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THE PANG MORE SHARP THAN ALL.

AN ALLEGORY.

I.

HE too has flitted from his secret nest, ,

Hope's last and dearest child without a

name !-
Has flitted from me, like the warmthless flame,
That makes false promise of a place of rest
To the tired Pilgrim's still believing mind;-
Or like some Elfin Knight in kingly court,
Who having won all guerdons in his sport,
Glides out of view, and whither none can find !

II. Yes ! he hath flitted from me—with what aim, Or why, I know not ! 'Twas a home of bliss, And he was innocent, as the pretty shame Of babe, that tempts and shuns the menaced kiss, From its twy-cluster'd hiding place of snow! Pure as the babe, I ween, and all aglow As the dear hopes, that swell the mother's breastHer eyes down gazing o'er her clasped charge ; Yet gay as that twice happy father's kiss, That well might glance aside, yet never miss, Where the sweet mark emboss'd so sweet a targeTwice wretched he who hath been doubly blest !

III.
Like a loose blossom on a gusty night
He fitted from me—and has left behind

(As if to them his faith he ne'er did plight)
Of either sex and answerable mind
Two playmates, twin-births of his foster-dame :-
The one a steady lad (Esteem he hight)
And Kindness is the gentler sister's name.
Dim likeness now, though fair she be and good,
Of that bright boy who hath us all forsook ;-
But in his full-eyed aspect when she stood,
And while her face reflected every look,
And in reflection kindled-she became
So like him, that almost she seem'd the same !

IV.

Ah ! he is gone, and yet will not depart !-
Is with me still, yet I from him exiled !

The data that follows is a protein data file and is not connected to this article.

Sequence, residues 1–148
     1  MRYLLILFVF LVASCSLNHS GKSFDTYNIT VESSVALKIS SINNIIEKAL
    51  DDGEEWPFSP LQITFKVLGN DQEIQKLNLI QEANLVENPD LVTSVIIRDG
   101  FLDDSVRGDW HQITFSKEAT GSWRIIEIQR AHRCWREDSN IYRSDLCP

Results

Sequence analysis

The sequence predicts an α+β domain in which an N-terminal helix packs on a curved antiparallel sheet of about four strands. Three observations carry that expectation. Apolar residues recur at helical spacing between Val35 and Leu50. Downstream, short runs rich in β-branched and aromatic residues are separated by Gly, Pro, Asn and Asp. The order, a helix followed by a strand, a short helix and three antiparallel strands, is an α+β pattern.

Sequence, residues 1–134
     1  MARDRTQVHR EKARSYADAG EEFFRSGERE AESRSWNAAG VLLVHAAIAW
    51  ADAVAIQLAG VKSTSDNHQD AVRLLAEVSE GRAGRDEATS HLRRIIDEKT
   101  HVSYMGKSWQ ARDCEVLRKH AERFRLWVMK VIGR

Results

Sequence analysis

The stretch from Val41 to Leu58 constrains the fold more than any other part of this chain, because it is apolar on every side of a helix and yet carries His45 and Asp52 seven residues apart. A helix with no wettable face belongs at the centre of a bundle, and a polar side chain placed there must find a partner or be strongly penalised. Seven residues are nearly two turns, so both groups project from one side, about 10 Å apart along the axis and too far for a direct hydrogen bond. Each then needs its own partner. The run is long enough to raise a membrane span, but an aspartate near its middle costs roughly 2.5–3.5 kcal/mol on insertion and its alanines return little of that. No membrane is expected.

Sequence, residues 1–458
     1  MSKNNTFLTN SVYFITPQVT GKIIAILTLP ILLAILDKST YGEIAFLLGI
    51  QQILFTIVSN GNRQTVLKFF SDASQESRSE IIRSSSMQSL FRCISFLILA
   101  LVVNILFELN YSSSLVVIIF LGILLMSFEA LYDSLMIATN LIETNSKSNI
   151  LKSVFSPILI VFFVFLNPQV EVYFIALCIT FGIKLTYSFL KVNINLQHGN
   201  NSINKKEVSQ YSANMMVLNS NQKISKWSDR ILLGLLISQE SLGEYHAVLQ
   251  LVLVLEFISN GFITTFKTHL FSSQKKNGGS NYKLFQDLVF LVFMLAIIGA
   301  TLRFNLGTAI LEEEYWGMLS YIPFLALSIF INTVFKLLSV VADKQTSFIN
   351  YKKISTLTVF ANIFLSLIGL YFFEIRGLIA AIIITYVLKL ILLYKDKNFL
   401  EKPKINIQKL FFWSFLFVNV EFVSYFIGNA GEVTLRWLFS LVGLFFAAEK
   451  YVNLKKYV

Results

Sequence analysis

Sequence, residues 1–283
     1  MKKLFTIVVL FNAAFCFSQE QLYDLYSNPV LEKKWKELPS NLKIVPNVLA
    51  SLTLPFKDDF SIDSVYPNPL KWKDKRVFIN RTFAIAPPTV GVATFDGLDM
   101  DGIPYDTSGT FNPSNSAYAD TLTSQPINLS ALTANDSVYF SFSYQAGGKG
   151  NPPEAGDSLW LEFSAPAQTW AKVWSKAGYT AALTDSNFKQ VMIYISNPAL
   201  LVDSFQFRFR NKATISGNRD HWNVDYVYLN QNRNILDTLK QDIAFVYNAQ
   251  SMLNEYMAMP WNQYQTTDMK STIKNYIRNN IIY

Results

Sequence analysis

For still there lives within my secret heart
The magic image of the magic Child,
Which there he made up-grow by his strong art,
As in that crystal* orb—wise Merlin's feat,-
The wondrous “World of Glass,” wherein inisled
All long'd for things their beings did repeat;-
And there he left it, like a Sylph beguiled,
To live and yearn and languish incomplete !

V.
Can wit of man a heavier grief reveal ?
Can sharper pang from hate or scorn arise ?-
Yes ! one more sharp there is that deeper lies,
Which fond Esteem but mocks when he would

heal,

* Faërie Queene, B. III. C. 2, s. 19.

VOL. II.

T

Yet neither scorn nor hate did it devise,
But sad compassion and atoning zeal !
One pang more blighting-keen than hope betray'd !
And this it is my woeful hap to feel,
When, at her Brother's hest, the twin-born Maid
With face averted and unsteady eyes,
Her truant playmate's faded robe puts on ;
And inly shrinking from her own disguise
Enacts the faery Boy that's lost and gone.
O worse than all ! O pang all pangs above
Is Kindness counterfeiting absent Love !

KUBLA KHAN : OR, A VISION IN A

DREAM.

[OF THE FRAGMENT OF KUBLA KHAN. The following Fragment is here published at the request of a poet of great and deserved celebrity, and as far as the Author's own opinions are concerned, rather as a psychological curiosity than on the ground of any supposed poetic merits.